Gwen Stefani — “Hollaback Girl”

The Neptunes have sprinkled gold dust on plenty of pop stars’ careers — most memorably Britney Spears and Justin Timberlake — but this is definitely his best pop-tastic moment. Again, it’s a combination of ingredients that seem counterintuitive, but somehow work: a slamming, reverb-laden beat, a single bowel-churning bass drop, an acoustic guitar sample, and a synthesized trumpet sound. Gwen Stefani’s vocals are pretty much irrelevant, to be honest, although the song’s catchy enough.

Philly’s Most Wanted — “Cross the Border”

A breezy, Latin-influenced jam that’s built around an acoustic guitar loop, some Mariachi horns, and pleasantly vintage-sounding drum machine beats. (The uptempo flavor of the beat rather belies the song’s subject matter, which discusses the drug trade across the Mexican border, although in fairness these were the days before the Mexican government decided to “take on” the narco cartels, with disastrous results.) There’s nothing futuristic about this, but it’s a fine example of how versatile the Neptunes were at their peak.

N.O.R.E. — “Grimey”

One of the most notable early Neptunes tracks was Noreaga’s 1998 hit “Superthug,” and they reconvened with the newly renamed Puerto Rican rapper four years later for his third record God’s Favorite, with excellent results. This track is a one-note synth riff and percussion, and notably, there are only very minimal kick sounds, making a track that manages to be funky with virtually no bass — not until everything changes completely around the three-minute mark, anyway.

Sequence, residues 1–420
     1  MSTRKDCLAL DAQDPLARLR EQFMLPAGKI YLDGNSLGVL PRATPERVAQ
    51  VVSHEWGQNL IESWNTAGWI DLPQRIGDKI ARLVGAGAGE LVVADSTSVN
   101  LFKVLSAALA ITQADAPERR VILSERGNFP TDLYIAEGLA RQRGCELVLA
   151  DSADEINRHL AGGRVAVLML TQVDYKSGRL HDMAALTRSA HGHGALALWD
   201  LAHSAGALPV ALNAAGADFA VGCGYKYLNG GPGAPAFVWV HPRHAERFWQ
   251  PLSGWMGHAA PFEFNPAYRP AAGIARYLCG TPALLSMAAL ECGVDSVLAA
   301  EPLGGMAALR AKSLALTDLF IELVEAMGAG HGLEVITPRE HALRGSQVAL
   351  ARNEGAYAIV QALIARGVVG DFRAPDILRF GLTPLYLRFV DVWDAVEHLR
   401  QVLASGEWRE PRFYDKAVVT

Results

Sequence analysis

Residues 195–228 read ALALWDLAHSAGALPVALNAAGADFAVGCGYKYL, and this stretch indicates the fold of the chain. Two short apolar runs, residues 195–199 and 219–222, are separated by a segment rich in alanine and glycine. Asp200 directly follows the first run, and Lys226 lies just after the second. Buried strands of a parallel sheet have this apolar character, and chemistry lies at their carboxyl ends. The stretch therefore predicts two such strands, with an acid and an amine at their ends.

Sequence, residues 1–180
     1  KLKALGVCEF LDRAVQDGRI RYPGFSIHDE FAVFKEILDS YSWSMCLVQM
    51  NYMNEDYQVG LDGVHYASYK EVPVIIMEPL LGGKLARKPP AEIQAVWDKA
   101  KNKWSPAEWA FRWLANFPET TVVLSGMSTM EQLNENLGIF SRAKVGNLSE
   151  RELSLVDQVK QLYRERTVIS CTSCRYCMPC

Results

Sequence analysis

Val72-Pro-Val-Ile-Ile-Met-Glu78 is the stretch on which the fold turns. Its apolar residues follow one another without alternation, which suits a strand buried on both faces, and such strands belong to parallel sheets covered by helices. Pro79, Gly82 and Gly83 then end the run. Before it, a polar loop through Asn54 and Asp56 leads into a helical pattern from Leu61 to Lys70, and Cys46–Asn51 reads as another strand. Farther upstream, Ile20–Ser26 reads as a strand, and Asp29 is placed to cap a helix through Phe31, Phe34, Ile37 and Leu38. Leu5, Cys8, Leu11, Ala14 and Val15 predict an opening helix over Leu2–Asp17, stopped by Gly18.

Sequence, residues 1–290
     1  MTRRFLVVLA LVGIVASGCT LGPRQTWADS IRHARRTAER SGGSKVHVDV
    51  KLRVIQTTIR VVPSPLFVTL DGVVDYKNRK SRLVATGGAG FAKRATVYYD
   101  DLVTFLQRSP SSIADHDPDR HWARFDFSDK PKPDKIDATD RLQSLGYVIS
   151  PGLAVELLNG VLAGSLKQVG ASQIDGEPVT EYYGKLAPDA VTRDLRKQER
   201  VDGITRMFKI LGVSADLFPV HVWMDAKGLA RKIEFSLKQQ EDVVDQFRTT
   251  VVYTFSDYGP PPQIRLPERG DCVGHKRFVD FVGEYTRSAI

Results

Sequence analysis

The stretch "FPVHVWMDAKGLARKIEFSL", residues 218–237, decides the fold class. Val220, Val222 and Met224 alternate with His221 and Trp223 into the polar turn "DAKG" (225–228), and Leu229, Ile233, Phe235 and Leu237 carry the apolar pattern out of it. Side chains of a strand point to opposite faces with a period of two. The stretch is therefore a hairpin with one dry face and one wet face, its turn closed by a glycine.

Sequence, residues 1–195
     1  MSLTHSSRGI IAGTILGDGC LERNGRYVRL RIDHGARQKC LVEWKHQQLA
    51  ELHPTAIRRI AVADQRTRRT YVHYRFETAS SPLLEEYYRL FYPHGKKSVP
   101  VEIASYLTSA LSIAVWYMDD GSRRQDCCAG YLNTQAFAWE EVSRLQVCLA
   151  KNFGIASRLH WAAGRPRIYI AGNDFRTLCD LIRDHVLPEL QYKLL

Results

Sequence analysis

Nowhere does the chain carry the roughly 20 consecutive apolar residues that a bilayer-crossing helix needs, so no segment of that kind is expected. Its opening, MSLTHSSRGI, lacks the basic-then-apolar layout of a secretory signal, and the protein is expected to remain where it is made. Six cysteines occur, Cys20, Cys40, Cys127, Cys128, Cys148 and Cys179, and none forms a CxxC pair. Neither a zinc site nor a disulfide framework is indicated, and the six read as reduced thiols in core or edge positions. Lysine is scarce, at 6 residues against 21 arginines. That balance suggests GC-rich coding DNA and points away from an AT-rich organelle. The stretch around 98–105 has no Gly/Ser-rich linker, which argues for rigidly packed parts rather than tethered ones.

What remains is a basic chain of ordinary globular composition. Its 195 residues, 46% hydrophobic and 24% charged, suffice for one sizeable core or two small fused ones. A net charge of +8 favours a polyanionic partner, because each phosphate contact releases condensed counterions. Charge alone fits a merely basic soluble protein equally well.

Clipse — “Grindin'”

There’s an argument to be made that The Neptunes’ best work was done with Clipse, so much so that it’s hard to choose just one track — but we’re gonna go with this one. At first listen, there’s nothing subtle or intricate about “Grindin’,” as its name would suggest — it’s a clattering, nasty beat that fills the whole mix, leaving just enough breathing room for No Malice and Pusha T’s vocals to sit on top. But put it on the headphones and you realize that even this has been sprinkled with Neptunes dust — the subtle hi-hat samples that slide into the track about halfway through, the quintessentially Pharrell xylophone-y sound that adorns the verses. But fundamentally, it’s just a banging hip hop beat. Sometimes, that’s all you need.

Mystikal feat. Pharrell — “Shake Ya Ass”

Similarly, there’s a distinctly old-school feel to this, both because Mystikal’s vocals sound distinctly like James Brown, and because The Neptunes’ production is minimalist and somehow vintage-sounding. As ever, the production simple — a synth sample, a punchy kick, skittering percussion — and it works.

N*E*R*D — “Lap Dance”

Whether there are any N*E*R*D tracks that warrant inclusion in best-of-Neptunes lists is a topic that ignites plenty of discussion on internet message boards, but we’re pretty happy to include this. It’s rap-rock done right (and considering how many abominations have been spawned in the pursuit of trying to combine the two genres, that’s a more significant achievement than it sounds).